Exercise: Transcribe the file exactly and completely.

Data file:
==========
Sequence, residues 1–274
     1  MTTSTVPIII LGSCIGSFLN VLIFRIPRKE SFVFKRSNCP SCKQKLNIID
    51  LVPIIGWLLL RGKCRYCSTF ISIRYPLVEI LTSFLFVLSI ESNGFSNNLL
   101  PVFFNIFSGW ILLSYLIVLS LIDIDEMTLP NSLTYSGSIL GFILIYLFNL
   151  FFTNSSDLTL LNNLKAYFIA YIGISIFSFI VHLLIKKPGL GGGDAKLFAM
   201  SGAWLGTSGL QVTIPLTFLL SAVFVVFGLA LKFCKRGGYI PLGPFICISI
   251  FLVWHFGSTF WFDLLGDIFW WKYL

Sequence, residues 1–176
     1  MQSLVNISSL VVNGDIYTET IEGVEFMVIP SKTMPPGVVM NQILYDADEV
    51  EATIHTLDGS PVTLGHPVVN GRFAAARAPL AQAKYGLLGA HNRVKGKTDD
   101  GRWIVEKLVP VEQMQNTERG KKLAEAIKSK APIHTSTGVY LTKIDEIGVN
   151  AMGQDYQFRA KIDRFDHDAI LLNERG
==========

Sequence, residues 1–274
     1  MTTSTVPIII LGSCIGSFLN VLIFRIPRKE SFVFKRSNCP SCKQKLNIID
    51  LVPIIGWLLL RGKCRYCSTF ISIRYPLVEI LTSFLFVLSI ESNGFSNNLL
   101  PVFFNIFSGW ILLSYLIVLS LIDIDEMTLP NSLTYSGSIL GFILIYLFNL
   151  FFTNSSDLTL LNNLKAYFIA YIGISIFSFI VHLLIKKPGL GGGDAKLFAM
   201  SGAWLGTSGL QVTIPLTFLL SAVFVVFGLA LKFCKRGGYI PLGPFICISI
   251  FLVWHFGSTF WFDLLGDIFW WKYL

Sequence, residues 1–176
     1  MQSLVNISSL VVNGDIYTET IEGVEFMVIP SKTMPPGVVM NQILYDADEV
    51  EATIHTLDGS PVTLGHPVVN GRFAAARAPL AQAKYGLLGA HNRVKGKTDD
   101  GRWIVEKLVP VEQMQNTERG KKLAEAIKSK APIHTSTGVY LTKIDEIGVN
   151  AMGQDYQFRA KIDRFDHDAI LLNERG